Case of the Blues

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The band had just finished making up a song out of nothing, out of thin air.  Where there had been total silence suddenly there was music, good music, a tune than engaged you, had you feeling the beat and moving your body.  It sounded like a song that had been crafted and perfected over time, and yet it had been created on the spot in one take, even though when it began no one had any idea where it would go or how it would end.

Bill Maxwell the drummer said to Abraham Laboriel the bass player, who had shown up only minutes earlier in time for this last song of the session, “Let’s do a slow blues number.  Abe you start us off.”  With those words as his only guide Abe began a little improv riff on the base.  A few bars later, Greg Mathieson added some organ, then Bill started laying down the rhythm and Hadley Hockensmith began layering in a very soulful guitar.  Finally, right on cue, Phil Driscoll began to sing, mashing up lyrics from two or three songs and making up a few of his own.  Later in the song Phil would add more texture to the music with his trumpet.

I call this number, “Case of the Blues”, based on some of the lyrics, but as Greg said when they finished, “It’s called the blues, but when you play like this it leaves you smiling and happy and feeling great.  Case of the Blues does all that and more; it also left me feeling amazed at the talent of my friends and what they can instantly create from nothing.

20 Years of Too Much Fun

I used to joke, “I have the greatest job in the world, but it does have a dark side.”  Then I would explain, “I’ve also been bitten, scratched and pooped on by one of every creature at your local zoo.”  I was only half kidding, because there is a price the body pays for having too much fun.

While recovering from my third knee surgery I was thinking about some of the fun I’ve had in doing a job my wife describes as, “summer camp for adults.”  This year I celebrate twenty years of working at National Geographic, or twenty years of getting paid to go to summer camp as Betty calls it.  It has been filled with multiple adventures of a lifetime, and how many of those should one person be allowed to have in one lifetime?  Clearly I’ve enjoyed more than my share.

I was also reflecting on some of the costs of that fun.  In addition to the three knee surgeries, I’ve had rotator cuff surgery on both shoulders, a foot surgery, a dislocated elbow, fractured pelvis, scapula, great toe, and fractured ribs twice, a lower back injury, a few stiches on occasion, numerous bites, scrapes, and cuts, as well as a variety of infections.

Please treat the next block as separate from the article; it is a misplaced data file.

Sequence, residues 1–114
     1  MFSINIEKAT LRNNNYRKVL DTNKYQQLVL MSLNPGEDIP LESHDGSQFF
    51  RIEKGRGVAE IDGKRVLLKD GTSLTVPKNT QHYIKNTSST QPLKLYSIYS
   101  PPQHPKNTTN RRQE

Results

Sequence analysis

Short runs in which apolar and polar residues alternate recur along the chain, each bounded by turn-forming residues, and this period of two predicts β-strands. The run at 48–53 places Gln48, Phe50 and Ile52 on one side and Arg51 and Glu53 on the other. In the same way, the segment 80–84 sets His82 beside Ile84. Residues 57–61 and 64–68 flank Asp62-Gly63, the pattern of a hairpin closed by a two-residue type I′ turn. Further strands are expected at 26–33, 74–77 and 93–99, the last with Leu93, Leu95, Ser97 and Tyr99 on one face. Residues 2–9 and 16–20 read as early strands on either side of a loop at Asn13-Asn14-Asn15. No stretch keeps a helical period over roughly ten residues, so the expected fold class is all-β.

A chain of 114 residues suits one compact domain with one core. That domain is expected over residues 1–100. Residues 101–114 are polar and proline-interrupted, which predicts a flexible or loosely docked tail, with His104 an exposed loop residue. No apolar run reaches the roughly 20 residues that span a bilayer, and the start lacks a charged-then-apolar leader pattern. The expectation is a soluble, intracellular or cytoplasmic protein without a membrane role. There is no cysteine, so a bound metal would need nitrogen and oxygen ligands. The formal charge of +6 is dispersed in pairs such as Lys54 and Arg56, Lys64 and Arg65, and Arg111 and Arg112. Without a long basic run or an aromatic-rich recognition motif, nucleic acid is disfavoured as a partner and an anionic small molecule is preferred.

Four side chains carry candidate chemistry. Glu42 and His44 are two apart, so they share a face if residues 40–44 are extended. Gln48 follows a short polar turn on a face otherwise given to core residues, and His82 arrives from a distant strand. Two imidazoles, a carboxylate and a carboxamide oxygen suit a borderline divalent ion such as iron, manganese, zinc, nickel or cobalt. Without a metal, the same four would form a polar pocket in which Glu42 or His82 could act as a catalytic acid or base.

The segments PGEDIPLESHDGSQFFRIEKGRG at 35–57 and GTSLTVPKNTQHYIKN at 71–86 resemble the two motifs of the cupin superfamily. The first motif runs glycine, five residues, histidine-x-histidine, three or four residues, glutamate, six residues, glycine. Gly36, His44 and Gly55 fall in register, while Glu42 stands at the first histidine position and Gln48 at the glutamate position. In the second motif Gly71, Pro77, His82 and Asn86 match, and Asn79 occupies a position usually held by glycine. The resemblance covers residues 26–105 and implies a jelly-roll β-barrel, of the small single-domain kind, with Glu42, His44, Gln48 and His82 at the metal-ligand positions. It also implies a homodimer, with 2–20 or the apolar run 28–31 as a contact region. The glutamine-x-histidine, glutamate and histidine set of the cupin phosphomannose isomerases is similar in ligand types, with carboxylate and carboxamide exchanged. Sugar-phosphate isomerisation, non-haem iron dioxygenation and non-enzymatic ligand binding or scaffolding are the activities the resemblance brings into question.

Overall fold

No wonder my orthopedist, David Johnson, calls me his annuity.  He really is a good doctor and he’s worked miracles with this beat up old body.  He also has a good sense of humor and reviews some of my MRI’s and surgery films for a little musical history of a few of my adventures in the field that have led to adventures in hospitals and recovery rooms.

The music is a blues song, appropriately titled, “Hurts Me Too.”  I previously posted a video I shot showing my friends Bill Maxwell, Hadley Hockensmith, Phil Driscoll, Michiko Hill, and Pee Wee Hill recording this song, but now I’ve added video showing highlights of several of the adventures which ended up hurting me too.

You Don’t Know Me

You Don’t Know Me.  Did you ever say that to someone who was giving you a hard time about your life?  It’s a familiar response to criticism usually uttered in anger.  But when Texas songwriter Cindy Walker teamed up with Eddy Arnold to turn those words into a song, it gave the phrase a completely different feeling and meaning.  You Don’t Know Me, became an aching, haunting, cry of unfulfilled love.  It also became a hit song for Eddy Arnold, Ray Charles, and many other performers.

This version was one of the songs my friends recorded for me in LA last spring when they kindly agreed to show up and play some blues for my cameras at Phil Driscoll’s recording studio.  There were no rehearsals, no music, and nothing was planned in advance.  They just showed up and started jamming.  The results were amazing, like they had been playing together for years.

For You Don’t Know Me, it’s Phill on vocals and piano, Bill Maxwell on drums, Hadley Hockensmith on guitar, Michiko Hill on organ and Pee Wee Hill on bass.  Enjoy!